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Posted: 8/23/2006 4:58:23 PM EDT

Very few folks have seen it but gov’t has reference lots of ammunition. This is a controlled lot used to qualify accuracy barrels and to confirm instrumentation for P&V barrels.

Not to be confused with Proof Rounds, or Acceptance Test Lots, this ammo is made up special and is certified to be in the velocity window (max/min velocity) and to print in a given accuracy at a given range. 200 yards for 5.56 and 600 yards for 7.62.

Ammo is certified through a dispersion acceptance procedure and for instance on the 7.62 ball it is shot from three different accuracy barrels at 600 yards from three different rifles. It must meet dispersion in all three barrels.

The ammo to be accepted is fired a 10 round group at 600. Target is pulled and measured.
If the dispersion is outside acceptance they may shoot again or they may pull the Reference Ammo out and run it which is known to be accurate.

If they run the Reference ammo and it prints within acceptance, they will rerun the ammo up for acceptance. If it still fails the ammo lot is rejected.


Loss of velocity comes from large number of rounds on barrel. Well let me rephrase that a bit. The throat becomes longer and the pressure does not build as high, thus losing velocity. So if you keep the throat from wearing you will retain velocity longer and hopefully barrel life. Velocity rejection for gov’t is when the reference ammo loses 200 feet per second below the original tested velocity for that lot in a given barrel. As long as the barrel is shooting well loss of velocity is not that critical to a match shooter. For military applications with Ordnance Tables it must stay within a given performance envelope so that sight graduations are still useful. You will note AR sights are graduated in even numbers. So at 6 you want the ammo to hit pretty well on at 6 etc. If barrel is getting along in life you may hit low at 6 setting from what you are used to.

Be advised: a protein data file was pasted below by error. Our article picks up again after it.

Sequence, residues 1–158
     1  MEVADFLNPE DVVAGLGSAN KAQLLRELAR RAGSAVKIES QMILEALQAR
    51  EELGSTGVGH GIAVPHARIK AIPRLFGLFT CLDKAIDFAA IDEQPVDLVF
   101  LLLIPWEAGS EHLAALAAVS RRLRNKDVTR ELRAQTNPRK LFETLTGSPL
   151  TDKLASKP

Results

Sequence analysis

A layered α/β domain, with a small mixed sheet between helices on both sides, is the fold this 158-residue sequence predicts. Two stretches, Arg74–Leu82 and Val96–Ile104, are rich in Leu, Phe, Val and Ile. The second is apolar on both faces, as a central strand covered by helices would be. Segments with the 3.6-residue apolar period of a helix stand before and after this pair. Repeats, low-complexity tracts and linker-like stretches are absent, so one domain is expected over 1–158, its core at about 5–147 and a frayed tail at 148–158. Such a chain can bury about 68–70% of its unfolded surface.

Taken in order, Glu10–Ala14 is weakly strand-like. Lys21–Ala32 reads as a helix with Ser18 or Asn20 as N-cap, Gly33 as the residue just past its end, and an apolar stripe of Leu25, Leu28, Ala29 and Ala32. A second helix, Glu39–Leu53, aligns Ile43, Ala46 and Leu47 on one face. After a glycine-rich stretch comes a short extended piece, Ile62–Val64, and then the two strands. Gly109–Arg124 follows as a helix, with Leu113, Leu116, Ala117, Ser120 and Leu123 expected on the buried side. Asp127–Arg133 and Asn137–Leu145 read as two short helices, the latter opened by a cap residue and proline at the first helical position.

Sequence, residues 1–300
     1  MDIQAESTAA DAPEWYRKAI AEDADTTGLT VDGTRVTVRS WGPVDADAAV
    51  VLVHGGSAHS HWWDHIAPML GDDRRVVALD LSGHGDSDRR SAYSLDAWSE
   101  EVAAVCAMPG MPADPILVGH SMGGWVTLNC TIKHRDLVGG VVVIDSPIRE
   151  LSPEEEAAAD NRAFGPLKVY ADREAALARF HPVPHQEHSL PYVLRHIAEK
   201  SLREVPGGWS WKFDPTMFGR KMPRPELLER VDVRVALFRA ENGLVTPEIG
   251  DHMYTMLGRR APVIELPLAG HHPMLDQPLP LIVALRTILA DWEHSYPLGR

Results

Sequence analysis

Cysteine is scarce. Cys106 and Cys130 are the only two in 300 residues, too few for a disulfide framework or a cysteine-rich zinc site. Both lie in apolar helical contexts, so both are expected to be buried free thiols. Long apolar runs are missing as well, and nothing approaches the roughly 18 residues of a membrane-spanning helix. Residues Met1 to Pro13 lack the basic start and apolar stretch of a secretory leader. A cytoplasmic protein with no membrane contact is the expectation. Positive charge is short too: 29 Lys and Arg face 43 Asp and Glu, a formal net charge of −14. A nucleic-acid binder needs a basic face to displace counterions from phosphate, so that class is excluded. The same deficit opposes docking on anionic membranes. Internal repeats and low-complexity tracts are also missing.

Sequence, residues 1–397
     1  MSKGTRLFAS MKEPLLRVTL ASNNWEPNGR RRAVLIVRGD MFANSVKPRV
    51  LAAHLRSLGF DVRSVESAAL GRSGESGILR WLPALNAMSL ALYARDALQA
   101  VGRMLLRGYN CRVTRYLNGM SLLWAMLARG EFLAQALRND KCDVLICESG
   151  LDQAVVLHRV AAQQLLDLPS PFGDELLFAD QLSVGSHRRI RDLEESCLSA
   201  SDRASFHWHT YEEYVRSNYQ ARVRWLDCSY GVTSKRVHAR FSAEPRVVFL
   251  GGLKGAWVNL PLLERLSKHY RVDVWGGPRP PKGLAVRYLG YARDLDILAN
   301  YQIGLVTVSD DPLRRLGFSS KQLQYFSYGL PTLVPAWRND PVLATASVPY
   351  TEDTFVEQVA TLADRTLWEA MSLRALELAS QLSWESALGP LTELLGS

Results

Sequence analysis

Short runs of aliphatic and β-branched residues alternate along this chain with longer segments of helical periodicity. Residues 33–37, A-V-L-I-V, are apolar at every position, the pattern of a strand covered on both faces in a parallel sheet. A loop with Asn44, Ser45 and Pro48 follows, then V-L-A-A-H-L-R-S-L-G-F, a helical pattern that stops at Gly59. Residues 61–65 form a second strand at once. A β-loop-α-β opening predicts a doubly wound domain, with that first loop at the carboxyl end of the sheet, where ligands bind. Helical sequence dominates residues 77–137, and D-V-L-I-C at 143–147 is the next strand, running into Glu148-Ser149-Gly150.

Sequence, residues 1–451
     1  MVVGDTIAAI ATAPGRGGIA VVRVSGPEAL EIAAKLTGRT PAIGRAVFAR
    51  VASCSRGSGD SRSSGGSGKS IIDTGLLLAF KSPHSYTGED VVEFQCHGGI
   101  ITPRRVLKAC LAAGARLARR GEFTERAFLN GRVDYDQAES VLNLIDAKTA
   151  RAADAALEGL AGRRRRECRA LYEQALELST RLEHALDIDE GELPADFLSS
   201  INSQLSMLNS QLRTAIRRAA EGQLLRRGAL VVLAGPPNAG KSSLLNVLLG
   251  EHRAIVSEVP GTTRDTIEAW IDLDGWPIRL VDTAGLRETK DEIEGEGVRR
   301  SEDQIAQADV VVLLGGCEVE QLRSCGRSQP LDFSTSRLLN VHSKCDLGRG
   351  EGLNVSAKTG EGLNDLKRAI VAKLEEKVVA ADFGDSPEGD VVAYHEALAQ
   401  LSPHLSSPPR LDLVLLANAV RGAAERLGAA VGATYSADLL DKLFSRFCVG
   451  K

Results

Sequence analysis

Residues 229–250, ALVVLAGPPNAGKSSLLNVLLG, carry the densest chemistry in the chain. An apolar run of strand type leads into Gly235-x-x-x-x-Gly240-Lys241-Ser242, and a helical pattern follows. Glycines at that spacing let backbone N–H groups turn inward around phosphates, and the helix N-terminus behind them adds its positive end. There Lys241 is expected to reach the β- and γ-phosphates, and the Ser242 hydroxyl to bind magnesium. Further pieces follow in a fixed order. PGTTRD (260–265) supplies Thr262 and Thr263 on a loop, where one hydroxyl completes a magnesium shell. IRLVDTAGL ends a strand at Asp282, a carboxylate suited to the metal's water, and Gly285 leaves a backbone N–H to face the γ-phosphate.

HOW DO I GET REFERENCE AMMO? Actually you don’t need gov’t reference ammo, can’t get it either but you can make your own much easier and with better quality. OK how does a average guy do his own reference ammo?


Best way when you have a new barrel and develop your “GO” load that shoots good. Load up 200 rounds with same propellant lot number, same lot of bullets, same lot of primers and if possible same lot of brass. Weigh everything and assemble all rounds the same.

Go out and shoot a couple warm up shots and then shoot 3 TEN SHOT groups at a given range. If you have 200 yards do it there.

Record the time of day you shoot, the temperature, sight settings etc. You can pick a given day like a week into next season etc. Then at say 2000 round intervals reconduct the same test at the same time of day (light direction on post sights will change things) and most importantly at the same temperature give or take a couple degrees. Light and temp is the most critical. If you have the ability to mount a good scope then light is not that important. In warm climates you need to shoot in morning or evening so mirage won’t be a factor. For instance on a 600 yard bench rest range I use I can go out and set up a rifle with 15X or 20X scope and set it on a 3” dot at 600 yards (painted on a steel plate).